Changes to the College’s policies have impacted the guidelines for posting fliers and banners, among other aspects of student activism. (Nicky Wu/The Williams Record)
Campus leaders have raised concerns over a breakdown in communication between students and administrators after policies concerning campus expression were published online over the summer. Administrators say their hope was to make rules clearer and more accessible. Students, however, say they wish that they had been consulted by administrators before the policies were published.
Due to the prevalence of student protest in spring 2019, some student activists perceived the policies to be reactionary to last semester’s events, which included Feb. 25’s “March for the Damned” in support of faculty of color. The policies caught many in the activist community by surprise, said Suiyi Tang ’20, a student activist and co-chair of the Minority Coalition (MinCo), who first became aware of the policies through conversations with other students and faculty members.
“It would be productive if in the future it were possible for student governing bodies, including MinCo, to be able to collaborate or to be consulted by the administration in the process of determining interpretations or changes to the student Code of Conduct,” Tang said. “I think, in turn, these policies may be more respected and well understood.”
The policies, which are on the “Events” page of the student life website, were linked in an email titled, “Welcome and new year updates,” sent by Dean of the College Marlene Sandstrom to the student body on Sept. 5.
“Students have requested that we be as clear and transparent as possible in describing our policies around freedom of expression,” Sandstrom wrote. “We’d like to call your attention to three policies we’ve updated and edited for clarity over the summer… We encourage you to review each one, especially if you plan on posting fliers, hanging banners, or bringing speakers this year.”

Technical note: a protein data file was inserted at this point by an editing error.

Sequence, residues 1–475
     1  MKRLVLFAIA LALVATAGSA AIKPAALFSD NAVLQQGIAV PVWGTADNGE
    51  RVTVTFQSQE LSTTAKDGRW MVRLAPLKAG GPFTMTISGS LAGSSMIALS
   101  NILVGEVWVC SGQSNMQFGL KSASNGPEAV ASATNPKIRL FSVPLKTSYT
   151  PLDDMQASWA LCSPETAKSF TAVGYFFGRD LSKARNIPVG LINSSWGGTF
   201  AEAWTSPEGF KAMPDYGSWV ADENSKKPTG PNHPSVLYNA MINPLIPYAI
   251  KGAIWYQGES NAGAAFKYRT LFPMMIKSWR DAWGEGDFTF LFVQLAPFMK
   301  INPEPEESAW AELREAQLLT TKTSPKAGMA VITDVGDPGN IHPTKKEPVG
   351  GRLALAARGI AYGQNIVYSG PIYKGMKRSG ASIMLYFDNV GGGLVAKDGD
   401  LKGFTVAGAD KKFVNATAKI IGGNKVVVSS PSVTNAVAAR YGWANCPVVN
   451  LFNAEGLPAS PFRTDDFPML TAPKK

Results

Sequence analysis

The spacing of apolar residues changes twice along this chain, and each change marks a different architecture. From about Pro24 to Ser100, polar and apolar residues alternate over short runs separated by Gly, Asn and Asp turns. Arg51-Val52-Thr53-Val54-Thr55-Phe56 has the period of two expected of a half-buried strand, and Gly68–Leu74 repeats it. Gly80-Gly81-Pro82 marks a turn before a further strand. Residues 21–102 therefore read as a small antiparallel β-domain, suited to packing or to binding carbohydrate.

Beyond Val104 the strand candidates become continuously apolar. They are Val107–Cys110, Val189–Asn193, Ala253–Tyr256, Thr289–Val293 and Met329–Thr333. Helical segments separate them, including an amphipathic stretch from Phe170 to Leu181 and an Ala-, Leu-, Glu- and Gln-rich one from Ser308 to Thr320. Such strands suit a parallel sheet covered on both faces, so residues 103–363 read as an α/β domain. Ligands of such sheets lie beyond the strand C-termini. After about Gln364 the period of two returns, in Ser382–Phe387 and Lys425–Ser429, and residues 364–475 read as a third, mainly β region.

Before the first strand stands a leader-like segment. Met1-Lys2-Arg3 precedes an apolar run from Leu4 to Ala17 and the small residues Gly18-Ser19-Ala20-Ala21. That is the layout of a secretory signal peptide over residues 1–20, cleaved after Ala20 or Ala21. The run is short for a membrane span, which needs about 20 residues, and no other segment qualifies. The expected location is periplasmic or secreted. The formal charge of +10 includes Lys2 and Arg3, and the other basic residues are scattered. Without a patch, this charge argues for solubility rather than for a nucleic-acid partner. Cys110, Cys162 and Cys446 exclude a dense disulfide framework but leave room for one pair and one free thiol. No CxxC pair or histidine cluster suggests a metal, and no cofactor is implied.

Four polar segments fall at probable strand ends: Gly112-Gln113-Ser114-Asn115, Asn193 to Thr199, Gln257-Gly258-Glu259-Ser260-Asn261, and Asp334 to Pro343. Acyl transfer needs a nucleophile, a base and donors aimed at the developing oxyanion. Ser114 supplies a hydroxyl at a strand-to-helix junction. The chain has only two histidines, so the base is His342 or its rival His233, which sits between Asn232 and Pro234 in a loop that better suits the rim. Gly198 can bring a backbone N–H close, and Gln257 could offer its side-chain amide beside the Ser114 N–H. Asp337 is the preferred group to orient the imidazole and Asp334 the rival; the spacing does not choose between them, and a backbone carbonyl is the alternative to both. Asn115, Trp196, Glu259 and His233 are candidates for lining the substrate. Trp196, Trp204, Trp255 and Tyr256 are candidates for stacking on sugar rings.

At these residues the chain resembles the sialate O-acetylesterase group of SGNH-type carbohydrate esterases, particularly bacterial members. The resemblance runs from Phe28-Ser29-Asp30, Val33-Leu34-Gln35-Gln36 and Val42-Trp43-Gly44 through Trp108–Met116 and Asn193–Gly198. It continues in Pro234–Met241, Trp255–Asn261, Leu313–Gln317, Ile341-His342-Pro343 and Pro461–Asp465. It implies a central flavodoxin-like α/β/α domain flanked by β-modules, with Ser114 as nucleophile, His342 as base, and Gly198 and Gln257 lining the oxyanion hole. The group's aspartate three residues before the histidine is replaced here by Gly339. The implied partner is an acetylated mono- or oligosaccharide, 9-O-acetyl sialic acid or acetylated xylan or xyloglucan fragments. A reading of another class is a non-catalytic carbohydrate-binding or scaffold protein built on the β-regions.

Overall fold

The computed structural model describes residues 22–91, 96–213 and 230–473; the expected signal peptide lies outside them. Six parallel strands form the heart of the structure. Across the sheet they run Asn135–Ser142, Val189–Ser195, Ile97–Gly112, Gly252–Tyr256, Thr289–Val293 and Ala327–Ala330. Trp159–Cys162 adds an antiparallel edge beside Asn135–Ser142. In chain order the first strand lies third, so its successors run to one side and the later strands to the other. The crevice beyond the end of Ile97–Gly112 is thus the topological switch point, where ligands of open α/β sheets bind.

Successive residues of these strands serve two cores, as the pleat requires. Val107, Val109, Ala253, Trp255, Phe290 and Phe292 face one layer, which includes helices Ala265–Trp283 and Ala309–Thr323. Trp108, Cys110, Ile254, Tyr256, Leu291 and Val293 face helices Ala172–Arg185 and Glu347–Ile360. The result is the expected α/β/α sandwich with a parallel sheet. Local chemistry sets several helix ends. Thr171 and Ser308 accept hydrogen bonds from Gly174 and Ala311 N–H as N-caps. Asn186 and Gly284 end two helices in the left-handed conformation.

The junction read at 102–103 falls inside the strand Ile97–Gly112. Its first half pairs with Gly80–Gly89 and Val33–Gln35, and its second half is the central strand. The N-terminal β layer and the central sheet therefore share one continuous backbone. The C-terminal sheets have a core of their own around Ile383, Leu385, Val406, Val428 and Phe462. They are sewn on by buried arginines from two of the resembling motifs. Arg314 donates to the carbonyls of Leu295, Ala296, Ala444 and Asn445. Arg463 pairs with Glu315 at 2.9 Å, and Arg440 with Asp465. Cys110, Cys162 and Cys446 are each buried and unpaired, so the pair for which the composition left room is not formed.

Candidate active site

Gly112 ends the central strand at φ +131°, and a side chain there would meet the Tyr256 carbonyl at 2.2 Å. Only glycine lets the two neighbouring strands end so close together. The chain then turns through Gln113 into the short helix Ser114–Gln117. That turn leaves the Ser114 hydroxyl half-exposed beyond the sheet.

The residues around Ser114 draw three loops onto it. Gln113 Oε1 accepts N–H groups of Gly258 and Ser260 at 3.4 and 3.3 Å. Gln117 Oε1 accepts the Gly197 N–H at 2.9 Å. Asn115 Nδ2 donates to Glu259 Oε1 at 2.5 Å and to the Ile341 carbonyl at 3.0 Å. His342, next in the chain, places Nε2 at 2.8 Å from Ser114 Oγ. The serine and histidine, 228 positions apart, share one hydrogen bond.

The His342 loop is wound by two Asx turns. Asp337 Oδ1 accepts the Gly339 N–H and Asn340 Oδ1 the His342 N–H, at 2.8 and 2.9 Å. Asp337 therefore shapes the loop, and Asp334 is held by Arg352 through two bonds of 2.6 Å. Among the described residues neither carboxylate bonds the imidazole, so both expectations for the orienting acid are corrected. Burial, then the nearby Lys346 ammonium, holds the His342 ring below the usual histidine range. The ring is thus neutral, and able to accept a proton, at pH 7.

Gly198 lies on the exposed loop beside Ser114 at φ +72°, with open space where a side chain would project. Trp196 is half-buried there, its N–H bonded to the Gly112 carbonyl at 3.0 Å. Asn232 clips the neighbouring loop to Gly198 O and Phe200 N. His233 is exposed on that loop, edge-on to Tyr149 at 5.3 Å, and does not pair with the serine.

In a joint statement to the Record, Sandstrom, Vice President for Campus Life Steve Klass and Chief Communications Officer Jim Reische elaborated on process and content.
“The speaker policy had been recently revised; the poster policy had been around, but needed a little work in light of what we learned from last year; and the protest guidelines were already in the Code of Conduct but in a way that students found hard to piece together,” they wrote, adding that the summer provided a rare opportunity for senior staff to work in a focused manner on these policies with an eye toward free expression and inclusion.
“We also wanted to stay focused on principles and not be driven by reaction to a particular action or event,” they continued. “Summer’s one of the few times you can do this.”
The aim, they said, was to give clear and consistently enforced guidelines that would be “helpful to students who use a variety of means to express themselves on campus.”
“Last year we heard some confusion and frustration: When we had to enforce the rules, people felt it seemed arbitrary or punitive,” they said. “Clarity protects students, because you know in advance where the guardrails are. And it supports staff, who then don’t have to deal with each new situation from scratch.”
Yet the guidelines could still allow for selective enforcement, students claim.